Wednesday, 2 July 2008

Glastonbury Review: Volume One

Monday was a little slice of tiresome. I had to make the trek back from Glastonbury to Nottingham, which would be a stressful trip in itself, without considering the 175,000 people making similar plans (though fortunately not all to Nottingham), and the fact that I was on my now annual Glasto come-down. Like a musical cold turkey, if you will.

Anyway, after last year's mess of a trip home, the fact that I missed a train, and had to travel home in a cattle-truck of a train carriage - well, they just seemed relatively pleasant. Such is life, I suppose, when you spent most of last year carrying a six-person tent on your back in the pouring rain at four o'clock in the morning. Feeling empathy for a sardine loses it's stress factor after that.

So, to Glastonbury '08. Well, the weather was frankly beautiful for the majority of the time - it's left me with the most British tan ever. My arms and face are a lovely dark shade of man-tan, but if you pull down on my collar, or fold back my sleeve, you risk snow-blindness. It's truly that horrific.

So, for my top ten artists I saw at Glastonbury (because the Top Ten Preview never quite found time to finish itself, did it?). This time I'll do it one artist at a time, and share with you my beautiful pictures from 2007's quagmire - for I have not yet ventured to have this year's developed.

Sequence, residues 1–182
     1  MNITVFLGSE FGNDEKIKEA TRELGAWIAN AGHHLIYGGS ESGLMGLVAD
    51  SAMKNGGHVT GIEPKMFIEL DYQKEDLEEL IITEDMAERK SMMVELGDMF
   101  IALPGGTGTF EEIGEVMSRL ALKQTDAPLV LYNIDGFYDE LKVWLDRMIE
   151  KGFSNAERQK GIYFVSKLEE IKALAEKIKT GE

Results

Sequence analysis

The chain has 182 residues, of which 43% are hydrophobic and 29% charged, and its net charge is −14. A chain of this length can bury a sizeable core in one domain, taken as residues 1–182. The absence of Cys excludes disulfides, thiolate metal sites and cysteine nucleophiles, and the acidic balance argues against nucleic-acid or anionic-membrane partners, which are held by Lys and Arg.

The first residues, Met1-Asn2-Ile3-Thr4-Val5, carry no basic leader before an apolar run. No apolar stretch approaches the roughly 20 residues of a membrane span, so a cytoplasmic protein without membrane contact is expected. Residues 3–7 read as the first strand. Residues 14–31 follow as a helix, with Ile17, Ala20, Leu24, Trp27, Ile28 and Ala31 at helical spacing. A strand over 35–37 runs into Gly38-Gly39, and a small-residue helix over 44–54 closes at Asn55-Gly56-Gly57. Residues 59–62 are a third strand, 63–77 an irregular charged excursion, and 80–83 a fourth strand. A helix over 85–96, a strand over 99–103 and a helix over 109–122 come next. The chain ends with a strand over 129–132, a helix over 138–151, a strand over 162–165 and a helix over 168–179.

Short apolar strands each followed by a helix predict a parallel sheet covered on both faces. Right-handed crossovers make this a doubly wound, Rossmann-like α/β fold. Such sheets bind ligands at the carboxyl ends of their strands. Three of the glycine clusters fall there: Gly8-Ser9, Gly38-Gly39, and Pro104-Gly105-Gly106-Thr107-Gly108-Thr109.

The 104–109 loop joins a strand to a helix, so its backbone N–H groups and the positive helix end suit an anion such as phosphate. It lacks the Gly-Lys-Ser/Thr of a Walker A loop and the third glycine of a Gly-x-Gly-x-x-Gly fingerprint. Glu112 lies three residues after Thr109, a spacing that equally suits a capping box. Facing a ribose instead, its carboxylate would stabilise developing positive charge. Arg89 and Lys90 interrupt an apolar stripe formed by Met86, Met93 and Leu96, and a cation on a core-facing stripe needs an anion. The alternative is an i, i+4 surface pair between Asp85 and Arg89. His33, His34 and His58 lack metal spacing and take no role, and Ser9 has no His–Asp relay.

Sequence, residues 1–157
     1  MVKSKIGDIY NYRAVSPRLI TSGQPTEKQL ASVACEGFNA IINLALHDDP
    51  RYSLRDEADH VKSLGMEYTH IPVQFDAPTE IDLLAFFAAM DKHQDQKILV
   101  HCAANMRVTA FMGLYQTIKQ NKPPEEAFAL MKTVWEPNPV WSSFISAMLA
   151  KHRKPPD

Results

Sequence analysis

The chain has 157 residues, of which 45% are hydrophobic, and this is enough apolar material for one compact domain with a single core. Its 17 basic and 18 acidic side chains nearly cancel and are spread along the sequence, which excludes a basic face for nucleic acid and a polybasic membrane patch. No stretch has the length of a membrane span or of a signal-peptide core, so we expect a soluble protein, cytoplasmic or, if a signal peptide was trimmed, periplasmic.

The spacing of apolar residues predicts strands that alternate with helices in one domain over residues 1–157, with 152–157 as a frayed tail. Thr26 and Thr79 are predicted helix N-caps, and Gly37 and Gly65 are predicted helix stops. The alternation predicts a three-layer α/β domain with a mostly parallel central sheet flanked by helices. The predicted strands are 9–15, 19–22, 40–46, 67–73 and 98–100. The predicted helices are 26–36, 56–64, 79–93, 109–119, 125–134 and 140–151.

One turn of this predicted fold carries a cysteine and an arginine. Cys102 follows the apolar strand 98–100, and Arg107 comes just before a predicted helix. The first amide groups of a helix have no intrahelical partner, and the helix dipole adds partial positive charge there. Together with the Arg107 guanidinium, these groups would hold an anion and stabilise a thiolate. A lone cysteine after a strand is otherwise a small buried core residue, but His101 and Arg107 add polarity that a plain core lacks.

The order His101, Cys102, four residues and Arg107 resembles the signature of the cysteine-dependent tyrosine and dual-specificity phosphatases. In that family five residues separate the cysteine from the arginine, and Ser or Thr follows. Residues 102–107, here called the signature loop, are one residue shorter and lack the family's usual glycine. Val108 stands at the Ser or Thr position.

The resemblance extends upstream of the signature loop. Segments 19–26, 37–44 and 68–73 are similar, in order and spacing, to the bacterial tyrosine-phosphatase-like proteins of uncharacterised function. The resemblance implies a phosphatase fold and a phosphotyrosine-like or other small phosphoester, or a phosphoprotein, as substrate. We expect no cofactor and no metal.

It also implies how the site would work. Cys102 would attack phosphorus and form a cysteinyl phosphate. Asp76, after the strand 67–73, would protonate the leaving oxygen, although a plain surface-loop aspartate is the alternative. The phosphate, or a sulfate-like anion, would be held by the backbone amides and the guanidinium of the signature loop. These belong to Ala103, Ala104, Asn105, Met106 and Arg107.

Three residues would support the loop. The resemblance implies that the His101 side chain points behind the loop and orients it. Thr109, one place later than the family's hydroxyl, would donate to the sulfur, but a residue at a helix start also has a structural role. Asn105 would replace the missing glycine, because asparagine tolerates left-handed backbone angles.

10. John Cale

In at number ten we have one of my unplanned artists of the weekend. John Cale appeared before my third favourite set, and knowing that it would be a busy gig I had arrived early and managed to catch the last half of the former Velvet Underground man's set. I was hit immediately by two things. Firstly, just how similar John Cale looks to my grandfather. It's a tad disturbing. And secondly, just how lively and fun an old man can make a set. This second point was reiterated to me twice over the weekend, once by Neil Diamond and once by ex-Squeeze man Glenn Tilbrook, who included in his set a rapping granny and finale so embrassingly cringe-worthy that it actually turned out to be one of the most fun close to a set all weekend.

But John Cale knows how to work a crowd, how to have fun himself, and above all how to make good music.

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